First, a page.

Peugeot Bipper Tepee (2009 - 2013) review

By Andy Enright


It's something of a French tradition to transport the family around in a vehicle of commercial origins. The Peugeot Bipper Tepee (like its close relatives the Citroen Nemo Multispace and Fiat Qubo) takes an old theme and gives it a modern twist. It's an inherently good idea. As the entry-point to Peugeot's now wide range of MPVs, the Bipper Tepee plays an important role. Its van origins are ultimately a help rather than a hindrance, giving the vehicle its sturdy build, functional design and 5-seat interior space that's huge when you consider its tiny dimensions. The History


5 dr van-based MPV (1.4 petrol and1.3, 1.4 diesel)


Peugeot reckons the Bipper Tepee is the vehicle for the family that needs a small car with a lot of room and may not have a whole lot of cash to spend on it. Yes, it's based on the marque's Bipper van and is basically the same car as Fiat's Qubo and Citroen's Nemo Multispace but since all these designs sit on advanced supermini underpinnings, this isn't such a problem. So let's stop trying to label this car and instead see it for what it is. A very compact four-to-five-seater family car that's supermini-sized, so smaller than you'd expect an MPV to be. That means it's tiny and nippy enough to twirl you round the tightest underground supermarket carpark, yet large enough to use on the average family holiday - a pretty tough brief to fulfil if you think about it. Peugeot has also created larger Partner Tepee and 5008 compact MPVs for busy families but if you don't need the seven-seat options they provide, then you may well be better off with this one.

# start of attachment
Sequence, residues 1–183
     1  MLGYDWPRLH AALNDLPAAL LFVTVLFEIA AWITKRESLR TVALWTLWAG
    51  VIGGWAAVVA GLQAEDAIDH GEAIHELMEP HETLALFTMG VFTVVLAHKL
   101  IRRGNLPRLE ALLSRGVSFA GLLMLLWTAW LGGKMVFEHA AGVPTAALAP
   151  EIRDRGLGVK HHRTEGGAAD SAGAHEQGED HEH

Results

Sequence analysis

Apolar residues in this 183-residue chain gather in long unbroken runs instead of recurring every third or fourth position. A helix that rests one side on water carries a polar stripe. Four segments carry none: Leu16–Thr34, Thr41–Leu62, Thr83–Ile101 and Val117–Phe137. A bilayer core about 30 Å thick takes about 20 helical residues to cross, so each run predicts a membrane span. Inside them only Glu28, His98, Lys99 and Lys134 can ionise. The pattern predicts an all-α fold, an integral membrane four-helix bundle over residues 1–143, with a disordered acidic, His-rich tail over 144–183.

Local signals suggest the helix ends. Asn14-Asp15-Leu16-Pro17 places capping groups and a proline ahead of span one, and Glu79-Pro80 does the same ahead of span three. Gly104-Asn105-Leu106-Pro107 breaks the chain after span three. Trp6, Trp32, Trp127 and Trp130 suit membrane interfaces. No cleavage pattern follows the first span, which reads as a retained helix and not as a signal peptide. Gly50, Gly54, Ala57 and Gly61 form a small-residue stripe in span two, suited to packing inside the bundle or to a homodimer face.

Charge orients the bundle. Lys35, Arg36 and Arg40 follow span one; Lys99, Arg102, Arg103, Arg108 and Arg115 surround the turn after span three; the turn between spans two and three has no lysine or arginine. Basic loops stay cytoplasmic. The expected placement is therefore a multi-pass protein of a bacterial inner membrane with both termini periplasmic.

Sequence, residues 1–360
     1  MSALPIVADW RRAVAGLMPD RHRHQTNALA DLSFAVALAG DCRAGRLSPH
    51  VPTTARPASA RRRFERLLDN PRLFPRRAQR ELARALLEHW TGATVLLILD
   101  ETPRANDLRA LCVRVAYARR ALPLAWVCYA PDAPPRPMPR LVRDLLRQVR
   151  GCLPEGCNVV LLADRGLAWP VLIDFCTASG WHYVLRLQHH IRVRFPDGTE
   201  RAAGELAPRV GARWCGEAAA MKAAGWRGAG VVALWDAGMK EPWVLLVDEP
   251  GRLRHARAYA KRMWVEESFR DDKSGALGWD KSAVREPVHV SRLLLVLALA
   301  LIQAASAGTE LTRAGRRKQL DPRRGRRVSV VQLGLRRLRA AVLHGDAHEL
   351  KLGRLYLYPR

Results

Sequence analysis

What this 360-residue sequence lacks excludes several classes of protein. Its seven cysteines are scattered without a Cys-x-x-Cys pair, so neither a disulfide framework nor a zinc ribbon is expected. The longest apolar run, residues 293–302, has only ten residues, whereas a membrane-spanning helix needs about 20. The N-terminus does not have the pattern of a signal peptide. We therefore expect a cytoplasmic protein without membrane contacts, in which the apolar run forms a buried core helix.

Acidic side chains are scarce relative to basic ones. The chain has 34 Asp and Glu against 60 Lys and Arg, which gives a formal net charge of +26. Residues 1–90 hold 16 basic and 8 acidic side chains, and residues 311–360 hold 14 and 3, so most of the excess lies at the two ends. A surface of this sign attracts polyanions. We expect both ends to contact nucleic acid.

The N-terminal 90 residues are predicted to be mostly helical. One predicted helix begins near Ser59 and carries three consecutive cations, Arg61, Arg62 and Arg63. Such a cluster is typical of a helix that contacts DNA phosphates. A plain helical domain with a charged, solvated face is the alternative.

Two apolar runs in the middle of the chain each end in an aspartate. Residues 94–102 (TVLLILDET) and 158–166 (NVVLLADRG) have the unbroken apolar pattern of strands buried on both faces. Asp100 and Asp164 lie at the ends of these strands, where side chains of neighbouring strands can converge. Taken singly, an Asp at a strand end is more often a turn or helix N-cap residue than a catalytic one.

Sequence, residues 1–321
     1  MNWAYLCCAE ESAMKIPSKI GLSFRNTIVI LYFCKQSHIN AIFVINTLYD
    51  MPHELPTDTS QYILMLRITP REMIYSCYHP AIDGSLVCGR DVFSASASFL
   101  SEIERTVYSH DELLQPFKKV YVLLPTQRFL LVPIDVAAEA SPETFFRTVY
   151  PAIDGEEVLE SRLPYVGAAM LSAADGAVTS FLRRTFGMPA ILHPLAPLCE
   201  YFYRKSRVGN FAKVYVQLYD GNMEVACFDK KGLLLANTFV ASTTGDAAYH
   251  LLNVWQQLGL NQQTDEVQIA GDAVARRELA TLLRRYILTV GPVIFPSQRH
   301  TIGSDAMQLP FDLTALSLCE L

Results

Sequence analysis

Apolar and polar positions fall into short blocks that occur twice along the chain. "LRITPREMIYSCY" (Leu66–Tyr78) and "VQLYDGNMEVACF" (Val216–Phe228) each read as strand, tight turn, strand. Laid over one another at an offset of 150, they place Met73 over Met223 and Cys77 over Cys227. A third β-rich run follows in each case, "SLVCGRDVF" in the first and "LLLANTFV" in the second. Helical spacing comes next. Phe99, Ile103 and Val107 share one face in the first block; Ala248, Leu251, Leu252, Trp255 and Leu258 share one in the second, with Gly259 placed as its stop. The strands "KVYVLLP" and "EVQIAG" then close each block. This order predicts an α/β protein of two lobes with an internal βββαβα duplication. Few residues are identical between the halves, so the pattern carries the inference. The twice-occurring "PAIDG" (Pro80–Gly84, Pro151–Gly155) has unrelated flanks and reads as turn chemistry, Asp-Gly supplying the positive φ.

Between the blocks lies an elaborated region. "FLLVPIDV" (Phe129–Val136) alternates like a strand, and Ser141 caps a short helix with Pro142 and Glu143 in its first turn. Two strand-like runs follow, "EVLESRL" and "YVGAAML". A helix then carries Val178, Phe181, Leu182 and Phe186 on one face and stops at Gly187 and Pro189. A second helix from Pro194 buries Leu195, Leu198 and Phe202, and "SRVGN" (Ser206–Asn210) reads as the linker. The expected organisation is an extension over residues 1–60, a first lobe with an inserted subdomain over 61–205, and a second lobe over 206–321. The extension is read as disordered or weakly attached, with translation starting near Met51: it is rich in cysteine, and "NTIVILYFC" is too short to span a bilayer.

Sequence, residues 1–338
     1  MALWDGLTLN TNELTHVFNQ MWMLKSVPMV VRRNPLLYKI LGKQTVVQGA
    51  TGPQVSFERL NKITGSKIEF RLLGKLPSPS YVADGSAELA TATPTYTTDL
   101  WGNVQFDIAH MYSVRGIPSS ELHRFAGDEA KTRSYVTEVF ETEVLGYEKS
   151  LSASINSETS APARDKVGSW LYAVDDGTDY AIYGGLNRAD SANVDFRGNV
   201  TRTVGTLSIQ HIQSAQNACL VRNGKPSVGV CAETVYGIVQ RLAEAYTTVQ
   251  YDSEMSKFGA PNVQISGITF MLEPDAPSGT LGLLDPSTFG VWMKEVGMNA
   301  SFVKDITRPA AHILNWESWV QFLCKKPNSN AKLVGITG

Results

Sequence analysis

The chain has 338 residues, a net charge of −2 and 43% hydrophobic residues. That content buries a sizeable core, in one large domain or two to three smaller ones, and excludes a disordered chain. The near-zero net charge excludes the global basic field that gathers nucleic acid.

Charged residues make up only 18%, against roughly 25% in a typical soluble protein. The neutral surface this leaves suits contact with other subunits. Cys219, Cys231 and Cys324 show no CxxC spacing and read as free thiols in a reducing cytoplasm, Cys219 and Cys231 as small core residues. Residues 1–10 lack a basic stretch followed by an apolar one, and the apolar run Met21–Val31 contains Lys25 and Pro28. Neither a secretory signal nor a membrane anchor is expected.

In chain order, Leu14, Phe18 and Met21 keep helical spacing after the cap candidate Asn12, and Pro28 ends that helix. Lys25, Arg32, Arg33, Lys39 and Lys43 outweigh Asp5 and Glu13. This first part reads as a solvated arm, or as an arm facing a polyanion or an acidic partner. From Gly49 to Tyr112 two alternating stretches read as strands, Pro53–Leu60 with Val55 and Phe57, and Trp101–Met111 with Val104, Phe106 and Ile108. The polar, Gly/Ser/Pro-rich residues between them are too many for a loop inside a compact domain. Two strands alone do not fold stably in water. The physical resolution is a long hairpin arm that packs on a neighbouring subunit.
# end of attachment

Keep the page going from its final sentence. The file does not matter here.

What You Get